About three years ago, we added HiDPI/Retina support to our framework which was released to users as part of Xojo 2016r1 when we also shipped our first HiDPI IDE.
With Apple’s announcements at WWDC 2018 and the introduction of dark mode it was time to revisit our graphics and the overall appearance of the IDE again. Here are some things which contribute to the changes that have been made and ones that you will see in the coming months.
Dropping macOS 10.9
Xojo 2018r3 drops support for macOS 10.9 and as the last version which had the skeuomorphic design elements all of our supported OS’s now have the flatter modern design. It’s not that this has held anything up per se, but it’s a good reminder that “it’s time”.
To that end, we have taken that opportunity to remove some of the graphics that make the IDE look out of place and doing so subtly lowers the memory footprint and accelerates drawing of the IDE itself across all platforms. We’re also using a variation of Apple’s image templates which has somewhat reduced the on-disk footprint of the IDE itself.
macOS Dark Mode
Apple’s addition of a darker variant of the visual “Aqua” theme in macOS means that we needed to do an audit and update of several of our base framework controls so that your apps would render correctly as well as ours.
While it probably won’t be used very often (how often does one change themes while running a piece of software, besides the novelty of seeing it happen), we added an event to the App class named AppearanceChanged to notify you when the user changes from light to dark or changes their accent color. This is a good place to clear any graphic or color caches which contain theme specific UI graphics.
There is also a new global method called IsDarkMode(Boolean) which will return True if your app is running with the Dark Mode theme on macOS 10.14 or higher. If your app is running on 10.13 or lower or in light mode on 10.14, IsDarkMode will return False.
Enabling Dark Mode in your apps is as easy as flipping a switch in the Shared Build Settings. Unfortunately, because Apple made the assumption that most apps would “just work” versions of your apps compiled with older versions of Xojo will either need to be recompiled with Xojo 2018r3 or you’ll need to push out a new version with a plist entry to prevent macOS 10.14 from showing your app dark in Dark Mode.
When testing apps for use with Mojave’s dark mode, I seriously suggest that you test on a system that allows you to see the translucency effects of dark mode. Virtual Machines are usually really handy for testing, but in this case, Parallels Desktop 14, VirtualBox 5.2 and VMWare Fusion 11 do not show the subtleties of dark mode.
One of our goals at Xojo is to remove some of the headaches involved with the minutiae of each OS that you deploy for and to that end, we wanted to make drawing custom controls easier too. What this means is that the built-in global colors are largely theme aware now and will change depending on whether your app is running in light or dark mode on macOS. This affects things like TextColor, FillColor, FrameColor, HighlightColor, etc, so if you use those methods when drawing in pictures and canvases, you will want to audit that code. If you want a specific color, you should use a color constant. For instance, use &c000000 if you want black because TextColor will now return white in Dark Mode.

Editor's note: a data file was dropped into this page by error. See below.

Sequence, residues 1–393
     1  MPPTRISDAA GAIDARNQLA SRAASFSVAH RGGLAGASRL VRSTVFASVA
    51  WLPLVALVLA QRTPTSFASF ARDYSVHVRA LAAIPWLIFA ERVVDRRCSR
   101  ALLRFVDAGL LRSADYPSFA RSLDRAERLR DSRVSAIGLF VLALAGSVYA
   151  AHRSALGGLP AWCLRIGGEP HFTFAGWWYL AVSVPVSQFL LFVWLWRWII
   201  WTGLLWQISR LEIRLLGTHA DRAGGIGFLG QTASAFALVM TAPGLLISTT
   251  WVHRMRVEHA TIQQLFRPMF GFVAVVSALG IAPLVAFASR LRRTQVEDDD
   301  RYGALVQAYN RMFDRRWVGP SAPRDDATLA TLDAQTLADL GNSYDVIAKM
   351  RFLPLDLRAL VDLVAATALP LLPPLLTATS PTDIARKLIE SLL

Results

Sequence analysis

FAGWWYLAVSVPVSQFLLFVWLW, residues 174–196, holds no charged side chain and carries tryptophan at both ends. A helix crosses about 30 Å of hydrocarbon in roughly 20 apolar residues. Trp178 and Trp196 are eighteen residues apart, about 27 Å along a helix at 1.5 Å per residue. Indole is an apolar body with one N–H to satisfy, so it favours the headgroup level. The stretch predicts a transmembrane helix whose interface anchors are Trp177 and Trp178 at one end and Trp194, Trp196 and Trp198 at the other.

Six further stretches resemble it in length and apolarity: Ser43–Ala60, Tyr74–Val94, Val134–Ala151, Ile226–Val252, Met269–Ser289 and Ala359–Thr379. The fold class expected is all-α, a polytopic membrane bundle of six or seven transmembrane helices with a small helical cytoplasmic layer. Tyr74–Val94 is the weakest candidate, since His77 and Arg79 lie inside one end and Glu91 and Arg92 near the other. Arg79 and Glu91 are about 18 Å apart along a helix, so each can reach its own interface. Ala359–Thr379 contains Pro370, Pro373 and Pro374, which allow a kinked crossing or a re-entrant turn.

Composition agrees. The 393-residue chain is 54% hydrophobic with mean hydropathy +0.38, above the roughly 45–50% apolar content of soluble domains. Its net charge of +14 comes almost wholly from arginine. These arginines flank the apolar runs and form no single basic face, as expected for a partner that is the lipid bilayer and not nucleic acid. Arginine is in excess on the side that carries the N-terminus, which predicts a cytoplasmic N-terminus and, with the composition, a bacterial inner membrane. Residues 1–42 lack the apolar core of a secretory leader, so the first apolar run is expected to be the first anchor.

In terms of the framework controls themselves, we are taking this opportunity to make some changes to make your apps appear better in the macOS 10.10+ ecosystem. Ever notice that a Label control and the text portion of a CheckBox or RadioButton control are not exactly the same color? Going forward, the default colors of controls which should automatically change between Light and Dark modes will do that. So if you have a Label using the default color of &c00000000 (Black with Transparency = 0), the color that is actually used is what Apple calls labelColor. It’s still black, but is a tiny bit translucent. TextFields and TextAreas will automatically change text, placeholder, selection and background colors to match the Apple prescribed colors for automatic Light/Dark compatibly. We think you’ll find that building your apps with 2018r3 will largely make them just behave and appear the way you expected them to.
IMPORTANT NOTE: These color and framework changes affect how your apps draw on all versions of macOS, so make sure you try them out on your 10.10 through 10.14 VMs before shipping!
Eating our own dog food
One thing we hear from users every so often is the desire for Xojo to use our own products for building apps. As most of you know the IDE itself is written in Xojo, but we also have several other apps (big and small) that are written in Xojo.
- Feedback – Our bug reporting system
- Xorders – Our internal order system
- Lingua – The Xojo localization app
- Remote Debugger – The remote debugger stubs for desktop and console
While the 2018r3 cycle was in progress, all four of these projects got updated for Mojave’s Dark Mode and definitely helped us find framework rendering bugs early on in the pre-release process.
What about Windows and Linux?
The TL;DR version is that we’re still looking into it.
Currently there are several different ways to change Windows 7, 8 and 10 to use a dark interface, not all of which are compatible with the Xojo Framework controls and the Windows 10 2018 Fall Update promised yet another way but that ended up only being for UWP. We are looking into which method gets you the most “bang for the buck” so to speak.